- The Washington Times - Thursday, January 22, 2004

Saying goodbye

So it’s goodbye to Harry “the Cat” Brecheen, the great St. Louis Cardinals pitcher who recentlydiedatage89 (“Roundup,” Sports, Monday). He was truly a classy athlete with impressive statistics (133-92) over a 12-year span.

Moreimportant,Mr. Brecheen was a part of the exciting “Gas House Gang” era in the mid-1940s that made up the Redbirds and included the likes of Stan Musial, Enos Slaughter, Johnny Mize, Marty Marion and Whitey Kurowski. Most important, Mr. Brecheen did his job meticulously and never whined about money or perks, unlike today’s pampered prima donnas. Right, Roger Clemens, Mike Piazza, Alex Rodriguez, etc.? Oh yes, Harry Brecheen was admired and respected by his teammates and fans — a rarity these days.


Massapequa, N.Y.

Rx for reform

Tuesday’s Commentary column by Donald Devine, “Rx bill’s fine print,” erroneously stated that the recently enacted Medicare bill will allow employers to shift their premium costs for health coverage to their retirees and still receive a subsidy from the federal government for maintaining retiree prescription-drug benefits. Mr. Devine got it half right. As his commentary stated, this would, indeed, be “quite a deal,” but it isn’t the deal included in the Medicare bill signed into law by President Bush last month.

In fact, just to avoid any further doubt or speculation on this point, House Ways and Means Committee Chairman Bill Thomas, California Republican, who chaired the Medicare conference negotiations, wrote a letter Jan. 16 to Health and Human Services Secretary Tommy G. Thompson in which he stated that the assertion that employers would qualify for the new Medicare subsidies regardless of how much cost-sharing they required their retirees to do “is not supported by the legislative language in the statute or congressional intent.”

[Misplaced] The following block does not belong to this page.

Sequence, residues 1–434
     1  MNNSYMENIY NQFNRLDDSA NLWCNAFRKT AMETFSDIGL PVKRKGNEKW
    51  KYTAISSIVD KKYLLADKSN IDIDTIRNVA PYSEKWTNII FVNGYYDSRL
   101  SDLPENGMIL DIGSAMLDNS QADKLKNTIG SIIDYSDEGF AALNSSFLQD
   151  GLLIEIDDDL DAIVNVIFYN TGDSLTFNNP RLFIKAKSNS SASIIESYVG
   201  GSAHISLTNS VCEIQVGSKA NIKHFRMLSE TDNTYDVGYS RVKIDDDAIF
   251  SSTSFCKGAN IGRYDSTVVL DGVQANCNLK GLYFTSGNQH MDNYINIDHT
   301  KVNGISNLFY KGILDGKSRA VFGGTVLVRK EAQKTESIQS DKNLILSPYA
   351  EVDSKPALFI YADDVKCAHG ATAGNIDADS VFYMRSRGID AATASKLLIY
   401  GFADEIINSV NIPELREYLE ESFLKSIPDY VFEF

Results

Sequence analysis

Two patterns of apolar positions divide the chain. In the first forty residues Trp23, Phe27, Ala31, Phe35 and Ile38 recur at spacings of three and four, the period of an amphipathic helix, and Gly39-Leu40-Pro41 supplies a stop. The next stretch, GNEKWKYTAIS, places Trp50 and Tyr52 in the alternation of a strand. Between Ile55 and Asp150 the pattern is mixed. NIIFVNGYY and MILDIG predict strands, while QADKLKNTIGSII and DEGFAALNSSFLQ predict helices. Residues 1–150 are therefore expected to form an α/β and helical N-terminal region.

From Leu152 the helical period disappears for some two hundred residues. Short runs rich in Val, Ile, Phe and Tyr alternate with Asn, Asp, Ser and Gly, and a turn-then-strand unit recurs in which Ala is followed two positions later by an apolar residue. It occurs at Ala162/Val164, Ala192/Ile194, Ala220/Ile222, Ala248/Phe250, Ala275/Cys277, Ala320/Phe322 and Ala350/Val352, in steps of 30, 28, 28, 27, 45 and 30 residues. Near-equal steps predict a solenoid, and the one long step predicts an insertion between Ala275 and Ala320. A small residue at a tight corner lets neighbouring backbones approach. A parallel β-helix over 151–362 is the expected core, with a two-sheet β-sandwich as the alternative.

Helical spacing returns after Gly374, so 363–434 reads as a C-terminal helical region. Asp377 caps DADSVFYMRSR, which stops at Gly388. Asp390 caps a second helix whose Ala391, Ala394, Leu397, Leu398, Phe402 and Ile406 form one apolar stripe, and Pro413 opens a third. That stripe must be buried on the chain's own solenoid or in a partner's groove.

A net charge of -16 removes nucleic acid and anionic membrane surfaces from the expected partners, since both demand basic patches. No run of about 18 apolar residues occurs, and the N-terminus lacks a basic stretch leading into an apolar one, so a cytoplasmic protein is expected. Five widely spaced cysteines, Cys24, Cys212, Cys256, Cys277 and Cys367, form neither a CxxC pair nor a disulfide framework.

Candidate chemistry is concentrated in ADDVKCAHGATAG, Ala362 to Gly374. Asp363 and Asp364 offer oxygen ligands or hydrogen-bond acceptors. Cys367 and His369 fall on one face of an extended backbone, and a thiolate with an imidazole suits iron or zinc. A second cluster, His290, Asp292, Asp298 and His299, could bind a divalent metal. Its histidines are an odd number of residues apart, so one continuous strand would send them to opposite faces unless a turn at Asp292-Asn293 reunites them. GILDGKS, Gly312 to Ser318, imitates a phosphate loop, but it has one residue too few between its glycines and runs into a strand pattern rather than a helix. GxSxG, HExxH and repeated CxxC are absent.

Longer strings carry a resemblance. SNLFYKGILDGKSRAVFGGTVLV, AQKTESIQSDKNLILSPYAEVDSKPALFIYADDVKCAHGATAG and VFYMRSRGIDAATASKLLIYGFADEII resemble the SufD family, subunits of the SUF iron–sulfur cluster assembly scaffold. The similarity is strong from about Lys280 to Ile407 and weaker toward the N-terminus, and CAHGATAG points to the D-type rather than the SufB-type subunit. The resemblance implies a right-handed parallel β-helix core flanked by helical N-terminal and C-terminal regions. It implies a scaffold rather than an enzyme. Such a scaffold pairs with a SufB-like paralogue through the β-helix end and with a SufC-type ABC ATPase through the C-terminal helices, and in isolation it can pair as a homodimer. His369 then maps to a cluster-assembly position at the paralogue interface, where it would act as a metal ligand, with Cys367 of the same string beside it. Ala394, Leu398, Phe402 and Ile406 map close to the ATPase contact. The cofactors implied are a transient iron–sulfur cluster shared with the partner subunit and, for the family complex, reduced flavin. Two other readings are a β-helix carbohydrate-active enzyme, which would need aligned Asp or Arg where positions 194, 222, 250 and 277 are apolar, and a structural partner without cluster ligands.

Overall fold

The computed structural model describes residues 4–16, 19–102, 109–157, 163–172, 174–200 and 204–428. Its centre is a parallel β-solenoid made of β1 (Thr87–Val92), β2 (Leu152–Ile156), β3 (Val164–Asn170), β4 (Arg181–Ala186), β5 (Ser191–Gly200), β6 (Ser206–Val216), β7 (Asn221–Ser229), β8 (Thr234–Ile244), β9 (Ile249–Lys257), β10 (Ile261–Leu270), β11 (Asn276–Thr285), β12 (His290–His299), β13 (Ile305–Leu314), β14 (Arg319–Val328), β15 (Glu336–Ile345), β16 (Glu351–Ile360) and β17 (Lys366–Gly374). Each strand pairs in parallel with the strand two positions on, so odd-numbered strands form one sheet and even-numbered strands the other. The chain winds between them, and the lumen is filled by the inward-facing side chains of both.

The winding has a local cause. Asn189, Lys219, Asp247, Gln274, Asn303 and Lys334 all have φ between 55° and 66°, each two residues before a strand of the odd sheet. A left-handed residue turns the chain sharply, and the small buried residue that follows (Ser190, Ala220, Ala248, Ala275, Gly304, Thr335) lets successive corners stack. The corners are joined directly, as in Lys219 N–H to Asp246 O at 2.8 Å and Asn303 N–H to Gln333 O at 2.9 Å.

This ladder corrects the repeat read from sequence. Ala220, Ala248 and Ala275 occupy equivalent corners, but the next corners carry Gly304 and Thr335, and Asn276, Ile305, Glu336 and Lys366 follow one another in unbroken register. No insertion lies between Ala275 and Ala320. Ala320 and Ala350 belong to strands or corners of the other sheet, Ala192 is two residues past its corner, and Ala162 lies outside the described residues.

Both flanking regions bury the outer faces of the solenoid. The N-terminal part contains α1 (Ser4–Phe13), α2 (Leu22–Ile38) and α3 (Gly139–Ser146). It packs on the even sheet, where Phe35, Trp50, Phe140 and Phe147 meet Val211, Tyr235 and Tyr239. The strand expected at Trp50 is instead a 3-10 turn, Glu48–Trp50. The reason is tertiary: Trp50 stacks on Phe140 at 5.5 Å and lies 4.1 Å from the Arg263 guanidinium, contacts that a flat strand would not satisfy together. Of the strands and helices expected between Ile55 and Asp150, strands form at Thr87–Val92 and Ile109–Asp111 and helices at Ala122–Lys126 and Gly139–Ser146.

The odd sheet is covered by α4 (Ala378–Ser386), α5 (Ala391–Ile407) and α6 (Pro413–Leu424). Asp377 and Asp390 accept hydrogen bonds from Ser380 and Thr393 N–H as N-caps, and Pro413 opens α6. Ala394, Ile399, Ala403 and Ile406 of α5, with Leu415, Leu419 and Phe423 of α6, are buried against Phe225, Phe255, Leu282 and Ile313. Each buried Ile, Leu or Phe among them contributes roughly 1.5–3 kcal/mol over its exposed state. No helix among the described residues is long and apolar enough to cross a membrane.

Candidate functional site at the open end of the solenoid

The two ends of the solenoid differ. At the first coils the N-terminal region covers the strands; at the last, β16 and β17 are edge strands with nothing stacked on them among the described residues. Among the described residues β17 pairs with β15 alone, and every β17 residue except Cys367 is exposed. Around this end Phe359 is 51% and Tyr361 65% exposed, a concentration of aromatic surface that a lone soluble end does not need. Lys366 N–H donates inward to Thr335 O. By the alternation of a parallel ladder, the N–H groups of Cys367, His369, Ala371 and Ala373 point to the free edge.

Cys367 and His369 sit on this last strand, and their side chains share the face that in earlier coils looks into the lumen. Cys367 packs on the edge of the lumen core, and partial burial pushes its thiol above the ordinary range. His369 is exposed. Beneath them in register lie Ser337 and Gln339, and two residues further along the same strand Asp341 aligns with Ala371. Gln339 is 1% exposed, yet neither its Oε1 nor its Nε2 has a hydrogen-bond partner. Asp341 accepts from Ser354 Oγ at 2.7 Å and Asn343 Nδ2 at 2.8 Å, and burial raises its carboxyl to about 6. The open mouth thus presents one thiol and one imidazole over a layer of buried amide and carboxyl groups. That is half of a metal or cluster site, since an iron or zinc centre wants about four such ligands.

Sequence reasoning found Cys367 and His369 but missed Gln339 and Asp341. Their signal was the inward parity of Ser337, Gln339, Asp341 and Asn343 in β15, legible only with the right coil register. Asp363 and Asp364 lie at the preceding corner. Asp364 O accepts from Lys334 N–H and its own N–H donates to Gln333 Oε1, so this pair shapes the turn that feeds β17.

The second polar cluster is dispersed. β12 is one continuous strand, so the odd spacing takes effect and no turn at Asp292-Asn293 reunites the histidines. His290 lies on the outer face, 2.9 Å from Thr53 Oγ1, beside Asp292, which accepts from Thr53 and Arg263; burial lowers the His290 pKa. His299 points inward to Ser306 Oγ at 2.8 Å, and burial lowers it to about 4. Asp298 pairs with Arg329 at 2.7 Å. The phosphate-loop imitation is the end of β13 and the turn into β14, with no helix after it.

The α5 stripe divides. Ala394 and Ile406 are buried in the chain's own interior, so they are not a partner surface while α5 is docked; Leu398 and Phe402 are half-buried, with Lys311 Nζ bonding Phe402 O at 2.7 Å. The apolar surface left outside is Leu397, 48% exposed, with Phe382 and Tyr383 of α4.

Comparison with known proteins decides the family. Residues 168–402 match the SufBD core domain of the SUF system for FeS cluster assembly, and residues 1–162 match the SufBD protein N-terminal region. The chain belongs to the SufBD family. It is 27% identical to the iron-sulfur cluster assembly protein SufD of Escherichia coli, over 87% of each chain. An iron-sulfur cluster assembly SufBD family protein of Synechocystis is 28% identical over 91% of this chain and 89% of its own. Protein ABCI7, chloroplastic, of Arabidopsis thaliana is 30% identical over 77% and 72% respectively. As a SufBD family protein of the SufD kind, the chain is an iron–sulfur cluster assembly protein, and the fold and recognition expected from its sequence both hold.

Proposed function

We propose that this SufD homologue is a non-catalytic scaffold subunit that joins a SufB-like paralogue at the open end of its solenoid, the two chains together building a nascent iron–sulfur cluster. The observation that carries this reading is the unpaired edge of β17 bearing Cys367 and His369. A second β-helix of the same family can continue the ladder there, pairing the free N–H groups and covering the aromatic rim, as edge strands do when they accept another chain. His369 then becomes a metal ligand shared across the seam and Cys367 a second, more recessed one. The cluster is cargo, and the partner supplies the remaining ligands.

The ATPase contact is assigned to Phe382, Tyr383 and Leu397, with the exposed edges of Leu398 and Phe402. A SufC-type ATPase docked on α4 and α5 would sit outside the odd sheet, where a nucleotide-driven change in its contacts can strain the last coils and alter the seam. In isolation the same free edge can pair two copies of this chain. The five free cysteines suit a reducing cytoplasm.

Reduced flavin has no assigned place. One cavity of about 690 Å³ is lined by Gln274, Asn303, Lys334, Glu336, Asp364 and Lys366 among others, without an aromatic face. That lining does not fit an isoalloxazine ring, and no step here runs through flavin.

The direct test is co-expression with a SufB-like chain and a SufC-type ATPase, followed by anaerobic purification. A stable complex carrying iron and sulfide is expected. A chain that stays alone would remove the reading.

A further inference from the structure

Here’s the way it works: The only employers who will qualify for future payments from Medicare will be those who can demonstrate that their prescription-drug coverage for retirees over 65 is at least “actuarially equivalent” in value to the Medicare drug benefit that begins in 2006.

The legislation also directs the Department of Health and Human Services to come up with further guidance on how employers will be required to determine the value of their retiree prescription-drug benefits. Once this program gets under way, any prescription-drug coverage under which the retiree pays for most, or all, of the value of the benefits under the plan surely will be determined under the agency’s guidance to be lower in value than Medicare’s drug benefit and therefore ineligible for federal subsidies. Now, with the letter from Mr. Thomas to Mr. Thompson, this is as close to a firmly settled issue as you can get.

It has been widely and accurately reported that the availability of retiree health coverage has been declining steadily over many years and that retirees frequently are shouldering an increasing share of the cost of their health coverage, whether from their former employers or from Medicare. The good news is that the new Medicare bill should help many employers maintain this important benefit for retirees rather than discontinuing coverage and driving up the costs and burdens for the government to provide drug benefits to even more seniors in the future.


Vice president, health policy

American Benefits Council


Training tomorrow’s leaders

I can’t believe that after all we’ve learned about brutally misogynous cultures, such as that in Afghanistan under the Taliban, an educated person would believe in the “equality of world cultures.” The government certainly shouldn’t be promoting the teaching of such ideological nonsense to impressionablechildren (“Learning globally,” Page 1, Sunday).